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Ideas to make the teaching/learning of writing more enjoyable

Teach me_Writing (1)

Productive skills like writing can be hard to deal with not only for students but also for teachers. Learning how to write can become a nuisance for students unless we, teachers, make it a more interactive and entertaining activity. The odds are that if we get bored when teaching writing, so will our students when trying to learn it.  So why not working around that to make it an enjoyable experience for all?

There are a lot of alternative ways to teach writing rather than just making students read a sample model with some notes on what to do and what not to do before letting them venture on their own pieces. The idea is to provide some kind of scaffolding first until our students become more confident and are able to write on their own and within a fixed time limit – in the case of exam preparation. Having said this, let’s have a look at some fun but productive activities we can implement with our students when dealing with writing.

1. The first and most widespread approach is reading the task and brainstorming ideas as a whole-class activity before starting to write. Some students have difficulties coming up with ideas and this gets worse when they are under pressure due to time limit guidelines. They will have to get to used it, of course, but on the initial stages we can make them feel more at ease by pulling ideas together before making them write a piece from scratch by themselves. When brainstorming, content is important but so is layout which, needless to say, is different for each type of writing. We shouldn’t disregard this last aspect and we must, therefore, work together on the distribution of paragraphs and writing structure in general.

Once the skeleton is ready, we can provide students with a list of useful linkers and connectors, among others, so that they can join ideas and avoid a choppy style or, even worse, an kind of undesired “stream-of-consciousness” technique. And this, in turn, reminds me of the importance of punctuation, which we shouldn’t take for granted either. Only after we have dealt with this preliminary issues we can proceed to either divide students into pairs making them write a piece together or letting them write on their own, depending on how confident they feel about it.

2. Another useful and fun approach to the teaching of writing is whole-class correction of writing samples. There are many samples provided in books and online so we can then choose a sample and do two things:

  • Work with a printed copy of the writing sample so while they work together on trying to find the mistakes they make those corrections in their copies, too.
  • Project it on the interactive board – if you have one – and make students volunteer to stand up and make the corrections on the interactive board with the e-pen.

We can even turn any of the two ideas into a game which we can call “Mistake Hunters”. We can divide the class into different teams and assign each group a certain type of mistake to find; namely, spelling, grammar, choice of vocabulary, style, punctuation, etc. When they come to the board to make the corrections they can choose different colours to show each correction belongs to a different mistake category.  I am a strong supporter of this kind of activity because it has proved useful at least for the groups I’ve taught; they have great fun and they learn how to improve writing pieces at the same time. It’s worth the try.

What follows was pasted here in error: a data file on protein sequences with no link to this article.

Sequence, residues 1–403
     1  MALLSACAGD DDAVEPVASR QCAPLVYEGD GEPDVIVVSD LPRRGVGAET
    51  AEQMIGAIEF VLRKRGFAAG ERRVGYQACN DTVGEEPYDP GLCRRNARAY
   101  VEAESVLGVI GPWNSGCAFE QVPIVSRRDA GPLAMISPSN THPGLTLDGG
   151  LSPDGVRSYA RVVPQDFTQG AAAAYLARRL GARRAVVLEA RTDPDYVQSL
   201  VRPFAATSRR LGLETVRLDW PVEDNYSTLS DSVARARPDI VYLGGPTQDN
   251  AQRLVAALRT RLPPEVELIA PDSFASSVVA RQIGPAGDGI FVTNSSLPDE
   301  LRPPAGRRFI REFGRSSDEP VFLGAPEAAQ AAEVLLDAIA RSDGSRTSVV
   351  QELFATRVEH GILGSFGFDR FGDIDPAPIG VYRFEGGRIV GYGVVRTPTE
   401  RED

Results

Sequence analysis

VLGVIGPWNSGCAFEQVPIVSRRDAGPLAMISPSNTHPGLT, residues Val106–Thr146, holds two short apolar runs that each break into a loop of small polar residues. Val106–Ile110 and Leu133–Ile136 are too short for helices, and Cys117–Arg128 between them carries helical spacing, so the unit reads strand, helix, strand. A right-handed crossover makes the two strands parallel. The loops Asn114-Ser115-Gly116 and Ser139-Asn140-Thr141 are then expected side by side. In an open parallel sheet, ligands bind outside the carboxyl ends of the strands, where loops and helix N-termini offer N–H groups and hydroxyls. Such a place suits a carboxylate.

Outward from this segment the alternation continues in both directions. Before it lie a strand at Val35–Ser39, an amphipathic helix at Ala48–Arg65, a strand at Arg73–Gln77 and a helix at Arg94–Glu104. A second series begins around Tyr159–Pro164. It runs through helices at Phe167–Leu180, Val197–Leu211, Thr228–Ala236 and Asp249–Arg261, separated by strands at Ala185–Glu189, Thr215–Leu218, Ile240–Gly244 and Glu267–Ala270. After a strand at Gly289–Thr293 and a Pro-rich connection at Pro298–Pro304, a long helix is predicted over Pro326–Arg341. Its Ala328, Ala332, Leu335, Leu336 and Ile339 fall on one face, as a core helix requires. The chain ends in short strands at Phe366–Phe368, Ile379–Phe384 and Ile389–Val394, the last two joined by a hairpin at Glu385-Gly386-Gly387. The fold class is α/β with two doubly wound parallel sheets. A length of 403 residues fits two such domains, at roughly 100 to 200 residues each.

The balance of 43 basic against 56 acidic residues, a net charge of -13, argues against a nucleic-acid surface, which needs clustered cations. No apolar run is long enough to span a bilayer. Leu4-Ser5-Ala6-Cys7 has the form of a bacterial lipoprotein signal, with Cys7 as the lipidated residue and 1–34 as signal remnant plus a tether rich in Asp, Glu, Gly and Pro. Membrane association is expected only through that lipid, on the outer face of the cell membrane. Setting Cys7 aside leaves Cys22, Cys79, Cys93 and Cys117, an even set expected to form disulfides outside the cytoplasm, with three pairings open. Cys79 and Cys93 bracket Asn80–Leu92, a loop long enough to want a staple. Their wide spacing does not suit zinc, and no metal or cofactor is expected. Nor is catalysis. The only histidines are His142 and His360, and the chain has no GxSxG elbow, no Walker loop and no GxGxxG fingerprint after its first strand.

3. Still another engaging activity to get the adrenaline going is working on group writing in innovative ways. For instance, we can divide the class into groups and make them work on the layout and brainstorming together and then do two things:

  • Either make each of the members of the groups work on a different paragraph of the piece during a certain amount of time
  • Or set an overall time limit for the writing task, let’s say, 20-25 minutes, and tell each group to start writing and go on doing so until a bell rings or an alarm goes off, in which case they will have to pass the piece of paper to the next member of the group and he/she will have to start writing to continue with the idea his/her partner has started and keep developing the topic even further

In both cases, since they have worked on the planning stage together, the writing process should be easier because they just have to develop the ideas they have brainstormed.

These ideas are intended to be done with pre intermediate groups and above. However, I am sure you can also adapt some of them for lower levels and make the most of them with your students.

The important thing here is to move away from more traditional approaches to the teaching of writing and start engaging our students in more innovative –  though not less productive –  ways of doing it. Trust me, it’s worth the try!

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(Image 2 credits: “Why is a raven like a writing desk text” by Barbara, Flickr.com, Creative Commons)

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Filed under ELT activities for teenagers, Motivation, Teaching Writing Skills, Uncategorized